Notes of Interest button This episode introduces us for the first time to Snarf’s young nephew Snarfer – although the two parts of “Feliner” would mark Snarfer’s only appearances in season 1, in ThunderCats‘ second season he would go on to become a regular cast member alongside the “new” ThunderCats Ben-Gali, Lynx-O and Pumyra. 
Notes of Interest button Although a character only mentioned in passing in this episode, Snarf Oswald would actually appear in ThunderCats‘ next season!
Notes of Interest button This episode also reveals that Snarf’s real name is actually Osbert – or, specifically (based on the way other adult Snarfs’ names are constructed), Snarf Osbert.  However, Snarf states that he hates that name, which could be why he chooses to answer to his name’s prefix rather than his proper name!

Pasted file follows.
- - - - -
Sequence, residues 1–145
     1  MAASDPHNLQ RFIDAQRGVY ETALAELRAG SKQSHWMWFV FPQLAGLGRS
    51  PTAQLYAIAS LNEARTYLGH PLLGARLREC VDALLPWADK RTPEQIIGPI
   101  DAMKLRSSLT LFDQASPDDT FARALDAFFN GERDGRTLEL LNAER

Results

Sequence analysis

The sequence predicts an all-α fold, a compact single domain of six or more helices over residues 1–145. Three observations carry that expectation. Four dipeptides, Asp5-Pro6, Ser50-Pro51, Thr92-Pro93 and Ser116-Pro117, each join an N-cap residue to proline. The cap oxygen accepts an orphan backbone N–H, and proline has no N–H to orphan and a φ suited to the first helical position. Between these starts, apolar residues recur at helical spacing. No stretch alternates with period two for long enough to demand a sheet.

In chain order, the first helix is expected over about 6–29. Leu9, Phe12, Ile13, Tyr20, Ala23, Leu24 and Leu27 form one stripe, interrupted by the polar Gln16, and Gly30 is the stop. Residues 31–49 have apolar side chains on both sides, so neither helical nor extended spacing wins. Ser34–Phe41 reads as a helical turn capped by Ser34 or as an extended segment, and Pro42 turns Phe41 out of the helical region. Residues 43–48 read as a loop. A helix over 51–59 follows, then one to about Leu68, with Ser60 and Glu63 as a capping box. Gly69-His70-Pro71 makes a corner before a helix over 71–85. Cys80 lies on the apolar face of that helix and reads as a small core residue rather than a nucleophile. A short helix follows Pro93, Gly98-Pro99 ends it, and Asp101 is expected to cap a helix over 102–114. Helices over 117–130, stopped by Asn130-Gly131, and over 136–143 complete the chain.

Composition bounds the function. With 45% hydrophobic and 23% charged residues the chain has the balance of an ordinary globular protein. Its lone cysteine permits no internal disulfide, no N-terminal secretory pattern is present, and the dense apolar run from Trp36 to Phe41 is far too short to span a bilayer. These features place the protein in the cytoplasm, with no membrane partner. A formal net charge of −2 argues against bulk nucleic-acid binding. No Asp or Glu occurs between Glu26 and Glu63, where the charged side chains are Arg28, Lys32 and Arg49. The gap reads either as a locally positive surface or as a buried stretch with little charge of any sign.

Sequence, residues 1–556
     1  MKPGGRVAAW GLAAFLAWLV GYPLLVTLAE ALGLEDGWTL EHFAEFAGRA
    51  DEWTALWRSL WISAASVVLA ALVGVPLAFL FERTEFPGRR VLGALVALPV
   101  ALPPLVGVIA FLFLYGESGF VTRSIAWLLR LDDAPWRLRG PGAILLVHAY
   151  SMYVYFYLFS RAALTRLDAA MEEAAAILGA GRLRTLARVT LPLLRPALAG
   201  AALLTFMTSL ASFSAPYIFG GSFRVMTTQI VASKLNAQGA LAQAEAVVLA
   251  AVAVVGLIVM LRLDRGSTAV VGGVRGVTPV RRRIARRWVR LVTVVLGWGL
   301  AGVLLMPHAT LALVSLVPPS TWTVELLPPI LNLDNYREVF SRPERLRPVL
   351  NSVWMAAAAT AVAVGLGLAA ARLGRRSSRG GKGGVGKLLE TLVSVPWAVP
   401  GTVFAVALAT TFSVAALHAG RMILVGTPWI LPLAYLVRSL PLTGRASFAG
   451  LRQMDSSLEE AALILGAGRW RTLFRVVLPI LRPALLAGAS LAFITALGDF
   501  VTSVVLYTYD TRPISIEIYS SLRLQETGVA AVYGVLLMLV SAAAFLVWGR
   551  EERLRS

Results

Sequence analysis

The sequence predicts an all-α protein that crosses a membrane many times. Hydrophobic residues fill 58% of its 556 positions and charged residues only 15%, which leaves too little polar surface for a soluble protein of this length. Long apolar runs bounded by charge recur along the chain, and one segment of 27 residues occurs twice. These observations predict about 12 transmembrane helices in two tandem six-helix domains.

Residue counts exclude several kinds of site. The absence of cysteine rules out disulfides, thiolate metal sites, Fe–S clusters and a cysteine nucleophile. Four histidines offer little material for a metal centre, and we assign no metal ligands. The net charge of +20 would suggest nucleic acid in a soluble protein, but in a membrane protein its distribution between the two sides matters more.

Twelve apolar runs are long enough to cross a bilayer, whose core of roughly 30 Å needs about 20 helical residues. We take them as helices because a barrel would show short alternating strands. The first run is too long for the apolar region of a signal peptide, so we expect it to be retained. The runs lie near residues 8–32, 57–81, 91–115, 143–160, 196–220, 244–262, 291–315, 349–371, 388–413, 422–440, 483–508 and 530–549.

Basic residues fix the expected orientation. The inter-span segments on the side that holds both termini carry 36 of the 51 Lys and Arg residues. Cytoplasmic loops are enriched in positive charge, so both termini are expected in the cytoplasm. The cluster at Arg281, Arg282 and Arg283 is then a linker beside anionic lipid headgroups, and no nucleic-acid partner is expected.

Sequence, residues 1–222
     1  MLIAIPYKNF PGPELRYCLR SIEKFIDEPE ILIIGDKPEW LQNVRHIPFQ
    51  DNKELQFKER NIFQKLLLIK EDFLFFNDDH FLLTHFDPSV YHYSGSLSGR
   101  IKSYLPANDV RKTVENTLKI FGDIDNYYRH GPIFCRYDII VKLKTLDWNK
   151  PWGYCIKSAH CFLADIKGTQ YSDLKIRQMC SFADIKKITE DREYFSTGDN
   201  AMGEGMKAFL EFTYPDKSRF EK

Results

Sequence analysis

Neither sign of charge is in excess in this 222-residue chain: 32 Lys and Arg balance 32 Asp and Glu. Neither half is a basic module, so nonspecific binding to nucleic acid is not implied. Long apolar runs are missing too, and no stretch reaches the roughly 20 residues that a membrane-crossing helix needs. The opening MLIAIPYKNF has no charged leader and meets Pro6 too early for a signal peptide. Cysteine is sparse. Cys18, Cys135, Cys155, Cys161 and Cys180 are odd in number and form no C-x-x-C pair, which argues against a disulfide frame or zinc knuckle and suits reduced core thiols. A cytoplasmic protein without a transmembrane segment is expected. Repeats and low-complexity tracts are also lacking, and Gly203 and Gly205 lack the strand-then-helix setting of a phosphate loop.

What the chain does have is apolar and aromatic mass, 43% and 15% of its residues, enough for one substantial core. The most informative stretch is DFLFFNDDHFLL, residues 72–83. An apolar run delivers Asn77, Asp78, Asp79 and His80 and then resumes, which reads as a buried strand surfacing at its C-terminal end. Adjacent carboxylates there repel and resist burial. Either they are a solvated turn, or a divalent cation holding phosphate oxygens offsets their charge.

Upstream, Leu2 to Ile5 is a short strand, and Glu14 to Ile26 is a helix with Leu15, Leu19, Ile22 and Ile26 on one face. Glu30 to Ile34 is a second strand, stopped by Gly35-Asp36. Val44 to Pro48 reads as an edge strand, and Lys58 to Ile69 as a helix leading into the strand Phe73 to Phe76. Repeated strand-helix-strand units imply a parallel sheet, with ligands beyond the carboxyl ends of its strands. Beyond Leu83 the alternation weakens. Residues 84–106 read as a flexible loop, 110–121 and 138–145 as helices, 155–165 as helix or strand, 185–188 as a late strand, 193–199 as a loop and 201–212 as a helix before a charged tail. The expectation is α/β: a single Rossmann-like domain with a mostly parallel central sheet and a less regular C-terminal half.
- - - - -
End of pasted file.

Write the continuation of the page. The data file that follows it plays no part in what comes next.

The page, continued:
Notes of Interest button In this episode we also meet the Mutant general Ratar-O – unlike Snarfer, Ratar-O would make one additional appearance in season 1, in the season finale episode “Fond Memories”, and would also return in season 2.
Notes of Interest button One of the most amusing revelations made in this episode is that S-S-Slithe used to work for Ratar-O as a cook in the Mutant field kitchens!
Notes of Interest button As well as providing the voice for Snarf, voice actor Bob McFadden also voiced Snarfer, meaning that for several sections of the two “Feliner” episodes (and, indeed, several episodes of season 2 as well), the dialogue is basically Bob talking to himself!
Notes of Interest button Although coloured differently, the giant rock creature that the ThunderCats battle towards the end of this episode utilises the same character design as the Rock Giant seen in the episode of the same name.